China Batik

China has a long history of batik production dating back to the sixth century and probably beyond. Today you can still find batik being done by the ethnic people in Guizhou Province, in the South-West of China. Here the Miao, Bouyei and Gejia people use a dye resist method that is different from the Han Chinese. There are also many different sub groups within the Miao minority. The Miao place great emphasis on their costumes which are made up of decorative fabrics, created by pattern weaving and wax resist. Almost all the Miao decorate hemp and cotton (not silk) by applying hot wax then dipping the cloth in an indigo dye. The cloth is then used for skirts, panels on jackets, aprons and baby carriers. Batik printing is an age-old traditional folk handicraft for fabric printing and dyeing in China. It was named together with tie dyeing and stencil printing as “Three Major Printing Crafts in Ancient China”. Stripes on wax printed cloth result from natural cracking of the wax, which contributes to the uniqueness of every wax printed work. Batik printing is thus known as a sort of cloth painting with “Fingerprints”.  Featuring rich patterns, elegant color and peculiar style, wax printed cloth is used to make costumes, trappings and various living utensils with primitive, unique, eye-catching and ethnic characteristics.

The history of batik can be traced back to the Western Han Dynasty (206 BC-24 AD).   Batik used to be popular both in Central and Southwest China. Somehow the batik technique was lost in Central China, but it has been handed down from generation to generation among the ethnic people in Guizhou, a province in Southwest China. Nobody knows how batik was invented, but a folk tale about a batik girl tells us something about it. The story relates that long, long ago, there was a girl living in a stone village called Anshun, now a city in Guizhou Province. She was fond of dyeing white cloth blue and purple. One day, while she was working, a bee happened to alight on her cloth. After she took away the bee, she found there was a white dot left on the cloth, which looked very pretty. Her finding led to the use of wax in dyeing.

The traditional batik designs are often evenly and harmoniously distributed on both sides of the cloth. The overall effect is stressed instead of paying too much attention to the details. The design patterns are of rhythmical beauty since the lines and points are orderly arranged. . Apart from the traditional blue, there are many other colourful batik colours.  The peculiar batik ice line- or cracking- adds more charm to it and this cracking is characteristic of Chinese batik. The cracks occur when wax lines are destroyed in the constant rolling and dyeing of the cloth and the dye soaks into the lines of the cloth, leaving natural patterns on the cloth. The natural patterns are enchantingly beautiful. Like fingerprints of human beings, they are different from each other, which further augment the depth of its beauty.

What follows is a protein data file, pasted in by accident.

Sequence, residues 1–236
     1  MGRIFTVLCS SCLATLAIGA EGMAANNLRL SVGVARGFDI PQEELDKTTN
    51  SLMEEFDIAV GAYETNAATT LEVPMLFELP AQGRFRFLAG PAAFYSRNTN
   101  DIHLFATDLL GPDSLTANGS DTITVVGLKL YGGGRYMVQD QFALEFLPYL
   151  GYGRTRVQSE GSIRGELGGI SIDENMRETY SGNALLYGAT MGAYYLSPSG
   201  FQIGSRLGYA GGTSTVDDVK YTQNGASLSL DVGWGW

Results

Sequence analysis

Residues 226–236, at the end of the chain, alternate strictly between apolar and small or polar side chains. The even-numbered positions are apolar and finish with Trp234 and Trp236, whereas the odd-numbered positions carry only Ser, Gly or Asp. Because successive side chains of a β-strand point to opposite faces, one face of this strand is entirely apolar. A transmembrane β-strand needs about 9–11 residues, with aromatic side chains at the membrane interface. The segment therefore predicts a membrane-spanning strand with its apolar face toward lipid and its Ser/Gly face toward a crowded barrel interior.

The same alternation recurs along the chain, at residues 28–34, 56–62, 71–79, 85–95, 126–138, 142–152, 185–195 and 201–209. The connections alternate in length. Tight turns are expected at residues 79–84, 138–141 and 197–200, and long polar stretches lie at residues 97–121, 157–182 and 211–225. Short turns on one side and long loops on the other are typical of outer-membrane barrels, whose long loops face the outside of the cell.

Batik is used mostly in Chinese ethnic groups, here we will introduce batik in Miao and Chuang ethnic group.

Batik tie dye proces in Yunan China
Batik tie dye proces in Yunan China

Batik of the Chuang is mainly in the pattern of white flowers blooming on the blue cloth, which is elegant and in good taste. The craftsmanship is not so difficult, but requires a high level of expertise and technique. The raw materials used are mainly local special products, such as beeswax, white cloth, konjak, straw ash and indigo and so on. The procedures of producing the batik are to firstly bleach the white cloth using the straw ash; secondly, paste the back of the white cloth; thirdly, rubdown the white cloth on the board after it is dry; fourthly, cut down the needed cloth according to certain size; finally, paint colorful pictures freely on the surface of the cloth using the wax spatula dipped with wax (the wax should first melt in the container using charcoal). After being painted, the waxed cloth will be put into the indigo and dipped for several times and then put into the boiling water in order to remove the beeswax. And a batik textile will be finally worked out after the cloth is dry.